April 2, 2021 West Virginia Legislative Letter

Welcome to Legislative Brief 2021, your one-stop shop for legislative news from various sources across West Virginia, and my take on the legislative events on the horizon. Today is the 52nd day of the 60-day legislative session.

Legislative Action by Numbers:

1316 Bills introduced in the House of Delegates

721 Bills introduced in the State Senate

200 Bills have passed the House of Delegates

188 Bills have passed the state senate

95 Bills have passed legislative action and are awaiting review by the governor

(52 House, 43 Senate)

Today is the 52nd day of the 60-day regular legislative session. With only eight days left in session, income tax abolition and the vastly different approaches proposed by the Governor, Senate and House of Representatives appear to be the main outstanding bill.

Governor Justice proposed tax increases of $ 902.6 million to fund the personal income tax cut, including increasing the consumer rate and the usage tax rate from 6% to 7.9%. Creation of a tiered settlement tax for fossil fuels; a new tax on certain luxury goods; and increased taxes on cigarettes, tobacco products, e-cigarettes, beer, wine, liquor and soda. The judiciary would also remove sales tax exemptions from professional services such as legal services, accountants, computer hardware and software, and other categories.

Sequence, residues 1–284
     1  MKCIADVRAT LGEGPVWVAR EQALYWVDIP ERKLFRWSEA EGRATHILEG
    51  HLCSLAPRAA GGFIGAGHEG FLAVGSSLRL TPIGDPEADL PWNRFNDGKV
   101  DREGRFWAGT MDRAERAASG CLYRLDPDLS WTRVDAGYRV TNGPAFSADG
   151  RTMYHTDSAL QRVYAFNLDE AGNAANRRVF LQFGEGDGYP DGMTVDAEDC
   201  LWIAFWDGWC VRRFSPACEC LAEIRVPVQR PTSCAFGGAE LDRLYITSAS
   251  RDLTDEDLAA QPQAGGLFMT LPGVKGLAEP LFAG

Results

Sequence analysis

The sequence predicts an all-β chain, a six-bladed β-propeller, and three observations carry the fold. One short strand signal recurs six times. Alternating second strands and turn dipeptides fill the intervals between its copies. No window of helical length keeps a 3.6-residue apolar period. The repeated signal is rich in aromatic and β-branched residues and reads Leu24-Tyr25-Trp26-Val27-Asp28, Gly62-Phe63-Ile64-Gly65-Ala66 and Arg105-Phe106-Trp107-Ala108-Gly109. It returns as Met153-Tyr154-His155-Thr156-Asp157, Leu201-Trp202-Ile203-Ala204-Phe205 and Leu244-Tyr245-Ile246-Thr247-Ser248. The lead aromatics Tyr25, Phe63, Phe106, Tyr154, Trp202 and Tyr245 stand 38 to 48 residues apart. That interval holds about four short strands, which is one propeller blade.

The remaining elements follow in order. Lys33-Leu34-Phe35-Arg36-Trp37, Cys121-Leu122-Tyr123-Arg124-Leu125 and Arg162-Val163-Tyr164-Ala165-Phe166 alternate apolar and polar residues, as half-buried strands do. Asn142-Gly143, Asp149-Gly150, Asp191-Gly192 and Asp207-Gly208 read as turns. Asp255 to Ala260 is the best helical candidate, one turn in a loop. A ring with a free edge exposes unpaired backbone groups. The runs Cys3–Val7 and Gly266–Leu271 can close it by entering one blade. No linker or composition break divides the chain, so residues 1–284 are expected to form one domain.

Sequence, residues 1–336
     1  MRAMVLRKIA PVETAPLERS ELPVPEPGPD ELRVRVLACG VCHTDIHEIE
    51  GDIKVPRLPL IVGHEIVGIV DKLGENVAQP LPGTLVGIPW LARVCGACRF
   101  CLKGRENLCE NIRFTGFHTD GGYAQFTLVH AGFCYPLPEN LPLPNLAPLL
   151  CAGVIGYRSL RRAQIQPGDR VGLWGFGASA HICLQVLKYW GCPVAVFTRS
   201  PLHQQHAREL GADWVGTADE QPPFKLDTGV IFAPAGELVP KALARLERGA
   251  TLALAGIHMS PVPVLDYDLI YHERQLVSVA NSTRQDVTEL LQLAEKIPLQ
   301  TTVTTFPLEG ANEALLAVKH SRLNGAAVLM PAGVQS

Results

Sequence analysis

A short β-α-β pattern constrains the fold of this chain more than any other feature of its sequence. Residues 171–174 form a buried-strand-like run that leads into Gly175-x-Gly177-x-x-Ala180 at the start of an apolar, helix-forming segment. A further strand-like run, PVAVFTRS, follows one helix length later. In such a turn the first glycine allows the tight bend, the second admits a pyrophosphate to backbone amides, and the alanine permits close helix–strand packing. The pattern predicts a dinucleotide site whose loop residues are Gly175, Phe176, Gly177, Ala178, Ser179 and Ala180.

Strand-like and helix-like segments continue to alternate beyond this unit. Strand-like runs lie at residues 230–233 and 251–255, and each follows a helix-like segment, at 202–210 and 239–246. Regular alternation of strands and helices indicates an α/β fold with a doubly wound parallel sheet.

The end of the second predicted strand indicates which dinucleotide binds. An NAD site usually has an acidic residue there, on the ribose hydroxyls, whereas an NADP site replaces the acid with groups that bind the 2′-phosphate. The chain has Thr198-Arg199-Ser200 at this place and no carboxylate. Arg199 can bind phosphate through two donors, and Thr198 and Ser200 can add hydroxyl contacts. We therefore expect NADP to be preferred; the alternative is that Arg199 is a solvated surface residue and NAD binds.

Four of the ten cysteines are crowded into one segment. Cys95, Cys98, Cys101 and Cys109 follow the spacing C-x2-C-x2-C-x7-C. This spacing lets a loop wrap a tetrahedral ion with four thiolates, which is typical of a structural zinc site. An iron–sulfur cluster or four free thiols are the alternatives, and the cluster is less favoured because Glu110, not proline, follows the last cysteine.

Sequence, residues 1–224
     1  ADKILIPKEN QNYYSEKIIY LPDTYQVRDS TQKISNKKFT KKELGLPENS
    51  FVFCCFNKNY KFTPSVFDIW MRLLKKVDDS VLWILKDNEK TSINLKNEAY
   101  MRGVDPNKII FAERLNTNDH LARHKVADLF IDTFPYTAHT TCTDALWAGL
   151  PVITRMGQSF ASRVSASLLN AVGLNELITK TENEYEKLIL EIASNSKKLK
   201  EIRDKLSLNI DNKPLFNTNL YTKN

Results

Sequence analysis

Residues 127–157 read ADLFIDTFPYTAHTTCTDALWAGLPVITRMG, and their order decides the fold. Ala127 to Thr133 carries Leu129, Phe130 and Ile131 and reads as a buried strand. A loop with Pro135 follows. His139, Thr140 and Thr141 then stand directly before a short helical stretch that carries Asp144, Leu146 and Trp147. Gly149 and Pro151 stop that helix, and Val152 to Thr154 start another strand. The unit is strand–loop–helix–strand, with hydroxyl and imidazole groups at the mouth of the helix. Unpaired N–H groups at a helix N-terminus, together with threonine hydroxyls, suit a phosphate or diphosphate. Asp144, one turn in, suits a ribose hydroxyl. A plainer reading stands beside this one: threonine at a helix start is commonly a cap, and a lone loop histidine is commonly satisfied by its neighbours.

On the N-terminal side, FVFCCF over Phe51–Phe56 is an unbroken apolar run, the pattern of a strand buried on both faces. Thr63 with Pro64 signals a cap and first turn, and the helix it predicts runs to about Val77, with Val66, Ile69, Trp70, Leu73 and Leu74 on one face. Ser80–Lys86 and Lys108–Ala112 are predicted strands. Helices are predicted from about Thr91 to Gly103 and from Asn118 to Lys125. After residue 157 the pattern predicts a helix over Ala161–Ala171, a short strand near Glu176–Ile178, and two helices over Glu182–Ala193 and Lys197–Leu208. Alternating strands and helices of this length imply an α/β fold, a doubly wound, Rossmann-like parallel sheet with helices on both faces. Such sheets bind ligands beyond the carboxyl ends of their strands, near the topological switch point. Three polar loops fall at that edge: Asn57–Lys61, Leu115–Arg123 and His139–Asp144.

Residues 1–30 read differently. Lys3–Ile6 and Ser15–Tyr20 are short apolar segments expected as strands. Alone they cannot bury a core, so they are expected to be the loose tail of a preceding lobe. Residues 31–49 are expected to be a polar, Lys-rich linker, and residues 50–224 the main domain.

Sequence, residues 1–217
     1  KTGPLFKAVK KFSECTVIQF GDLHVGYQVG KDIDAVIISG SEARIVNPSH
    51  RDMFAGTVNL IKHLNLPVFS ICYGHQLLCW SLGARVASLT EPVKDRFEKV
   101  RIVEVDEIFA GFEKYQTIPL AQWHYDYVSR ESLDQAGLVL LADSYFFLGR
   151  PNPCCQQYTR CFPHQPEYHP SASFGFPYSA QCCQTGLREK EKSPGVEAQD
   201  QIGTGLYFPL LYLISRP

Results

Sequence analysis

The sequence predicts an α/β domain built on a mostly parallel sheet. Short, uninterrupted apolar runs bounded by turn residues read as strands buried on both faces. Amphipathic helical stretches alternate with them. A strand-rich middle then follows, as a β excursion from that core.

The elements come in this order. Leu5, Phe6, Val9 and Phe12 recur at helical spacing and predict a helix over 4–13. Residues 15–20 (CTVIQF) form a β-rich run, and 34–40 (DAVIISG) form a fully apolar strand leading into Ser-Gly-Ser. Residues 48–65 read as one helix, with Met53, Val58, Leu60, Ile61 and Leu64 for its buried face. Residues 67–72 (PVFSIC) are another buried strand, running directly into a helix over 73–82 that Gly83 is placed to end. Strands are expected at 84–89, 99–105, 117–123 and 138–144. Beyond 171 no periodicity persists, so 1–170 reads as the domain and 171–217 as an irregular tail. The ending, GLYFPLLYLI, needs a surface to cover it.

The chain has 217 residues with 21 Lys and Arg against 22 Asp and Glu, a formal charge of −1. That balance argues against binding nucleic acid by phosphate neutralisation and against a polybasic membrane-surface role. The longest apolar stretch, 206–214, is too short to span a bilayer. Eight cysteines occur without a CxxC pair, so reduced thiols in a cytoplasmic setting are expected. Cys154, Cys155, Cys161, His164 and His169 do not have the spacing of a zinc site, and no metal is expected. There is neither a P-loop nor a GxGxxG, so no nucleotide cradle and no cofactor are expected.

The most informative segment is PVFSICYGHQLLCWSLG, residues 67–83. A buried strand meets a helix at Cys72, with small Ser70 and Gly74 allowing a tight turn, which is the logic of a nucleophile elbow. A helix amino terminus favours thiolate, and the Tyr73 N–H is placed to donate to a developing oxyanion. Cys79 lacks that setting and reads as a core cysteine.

The house went by HB 3300 Monday, incremental income tax of $ 150 million for the first full year and annually until the tax is gone. The House version includes an Income Tax Reduction Fund, which siphons off tax revenue from specific revenue streams and existing revenue streams to accelerate tax cuts while encouraging lower government spending.

The Senate Finance Committee changed HB 3300 to create its own income tax plan that seeks to marry off portions of the House and Governor’s plans. The Senate plan would cut income tax rates by more than 50%, even for small businesses and sole proprietorships, but not for investment income. The plan would cut income tax revenues by $ 1.09 billion.

To pay for the personal income tax cut, the Senate version of HB 3300 would increase consumer sales and consumption tax from 6% to 8.5%. It would also remove sales tax exemptions for services commonly used by businesses and tax other services at lower rates.

Other tax increases in the Senate version include the reintroduction of the 2.5% food tax; Taxation of ready meals at 8.5%; a 4.3% tax on short-term accommodation; an 8.5% tax on contingent liabilities; and the creation of a new lottery scratch game.

Stay tuned as this is undoubtedly going to be a hot topic for the past 8 days.

Legislative Calendar – Important Days to Remember

Sixtieth day – April 10, 2021: adjournment at midnight. ((WV Const. Nature. VI, §22)

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